Majority of wildlife in selous are some of the main attractions. A variety of game viewing activities are therefore available in this park. A number of trips are offered by boat, vehicle or on foot. Boat safaris for example allow you to move swiftly on the lakes and channels leading you through to the birds and animals closely including hippos and crocodile. All the lodges should be able to offer guided walks for all those in the right age bracket .(usually 12 years and over.16 years for Lake Manze and Impala, which come with big chances of interface with big game such as buffalo, lion on foot, or even elephant.
Towards the end of the dry season especially, game drives are rather truly rewarding as many large mammals gather around the five lakes .Some of the camps offer overnight fly camping excursions which involve sleeping out in an exalted mosquito net in the middle of the bush land.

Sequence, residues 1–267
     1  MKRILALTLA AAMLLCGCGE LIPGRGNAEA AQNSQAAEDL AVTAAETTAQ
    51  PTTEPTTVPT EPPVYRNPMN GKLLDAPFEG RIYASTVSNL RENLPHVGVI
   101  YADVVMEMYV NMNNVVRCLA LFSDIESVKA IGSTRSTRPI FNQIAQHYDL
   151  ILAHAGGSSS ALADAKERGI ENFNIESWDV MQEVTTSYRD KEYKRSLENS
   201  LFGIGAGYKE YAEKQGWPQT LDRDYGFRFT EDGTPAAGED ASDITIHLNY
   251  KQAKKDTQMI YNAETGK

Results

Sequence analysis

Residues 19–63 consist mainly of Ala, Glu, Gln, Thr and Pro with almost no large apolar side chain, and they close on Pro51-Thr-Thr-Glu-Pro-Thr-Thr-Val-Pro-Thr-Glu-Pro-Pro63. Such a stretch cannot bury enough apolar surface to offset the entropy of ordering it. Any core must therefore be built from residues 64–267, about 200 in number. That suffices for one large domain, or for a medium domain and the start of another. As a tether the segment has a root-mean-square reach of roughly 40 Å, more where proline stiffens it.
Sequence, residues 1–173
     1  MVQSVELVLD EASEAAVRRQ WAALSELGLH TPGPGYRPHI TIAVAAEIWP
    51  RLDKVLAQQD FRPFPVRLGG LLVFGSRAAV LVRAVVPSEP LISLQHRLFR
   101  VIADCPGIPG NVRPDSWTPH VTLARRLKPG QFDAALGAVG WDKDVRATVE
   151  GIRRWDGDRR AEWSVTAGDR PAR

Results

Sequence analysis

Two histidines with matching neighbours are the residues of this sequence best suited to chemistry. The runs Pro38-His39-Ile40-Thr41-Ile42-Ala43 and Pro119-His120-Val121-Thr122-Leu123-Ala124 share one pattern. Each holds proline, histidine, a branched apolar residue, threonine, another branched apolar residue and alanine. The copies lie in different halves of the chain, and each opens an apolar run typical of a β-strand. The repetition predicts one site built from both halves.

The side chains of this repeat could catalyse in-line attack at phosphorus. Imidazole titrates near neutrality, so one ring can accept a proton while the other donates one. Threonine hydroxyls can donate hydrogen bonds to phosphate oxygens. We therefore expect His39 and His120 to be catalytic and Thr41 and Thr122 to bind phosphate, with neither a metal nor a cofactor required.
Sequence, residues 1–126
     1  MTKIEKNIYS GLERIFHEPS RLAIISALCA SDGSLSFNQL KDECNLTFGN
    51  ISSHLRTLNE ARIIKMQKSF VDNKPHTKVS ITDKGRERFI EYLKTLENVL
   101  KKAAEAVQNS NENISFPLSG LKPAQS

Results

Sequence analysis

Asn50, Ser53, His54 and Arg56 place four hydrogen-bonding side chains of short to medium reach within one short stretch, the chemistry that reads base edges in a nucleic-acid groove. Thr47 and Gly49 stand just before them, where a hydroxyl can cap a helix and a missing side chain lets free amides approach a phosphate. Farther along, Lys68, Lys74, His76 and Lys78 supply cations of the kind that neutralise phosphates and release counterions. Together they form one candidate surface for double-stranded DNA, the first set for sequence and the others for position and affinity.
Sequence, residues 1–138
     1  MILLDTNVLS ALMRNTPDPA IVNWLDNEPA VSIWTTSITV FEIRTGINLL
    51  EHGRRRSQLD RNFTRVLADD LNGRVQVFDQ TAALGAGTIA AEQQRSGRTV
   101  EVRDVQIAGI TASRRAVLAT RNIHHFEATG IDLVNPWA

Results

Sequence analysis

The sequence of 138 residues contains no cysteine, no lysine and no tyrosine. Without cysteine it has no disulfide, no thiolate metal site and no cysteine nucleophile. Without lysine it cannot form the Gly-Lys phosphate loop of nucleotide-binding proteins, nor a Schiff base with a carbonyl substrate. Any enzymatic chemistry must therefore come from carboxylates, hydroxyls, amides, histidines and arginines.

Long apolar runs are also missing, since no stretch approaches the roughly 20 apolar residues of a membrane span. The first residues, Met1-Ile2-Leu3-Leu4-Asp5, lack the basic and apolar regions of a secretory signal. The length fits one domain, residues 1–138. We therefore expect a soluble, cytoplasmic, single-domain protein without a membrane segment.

KITULO NATIONAL PARK
Kitulo National Park is a protected area of montane grassland on the Kitulo Plateau in the southern highlands of Tanzania. The park is at an elevation of 2,600 metres (8,500 ft) between the peaks of the Kipengere and Poroto mountains and covers an area of 412.9 square kilometres (159.4 sq mi) lying in Mbeya Region and Njombe Region. The park is administered by Tanzania National Parks (TANAPA) and is the first national park in tropical Africa to be established primarily to protect its flora.
Locals refer to the Kitulo Plateau as “Bustani ya Mungu” (“The Garden of God”), while botanists have referred to it as the “Serengeti of Flowers”.
Protection of the Kitulo Plateau’s unique flora was first proposed by the Wildlife Conservation Society (WCS), in response to the growing international trade in orchid tubers and increased hunting and logging activities in the surrounding forests. In 2002, President Benjamin Mkapa announced the establishment of the park. The park was formally gazetted in 2005, becoming Tanzania’s fourteenth national park. TANAPA has stated that the park could be expanded in the future to include the neighbouring Mount Rungwe forest.
In 2005, field scientists from the WCS discovered a new species of primate on and around Mount Rungwe and in the Livingstone Forest area of the park. Initially known as the Highland Mangabey, later changed to its Tanzanian name of Kipunji, it is one of the 25 most endangered primates in the world.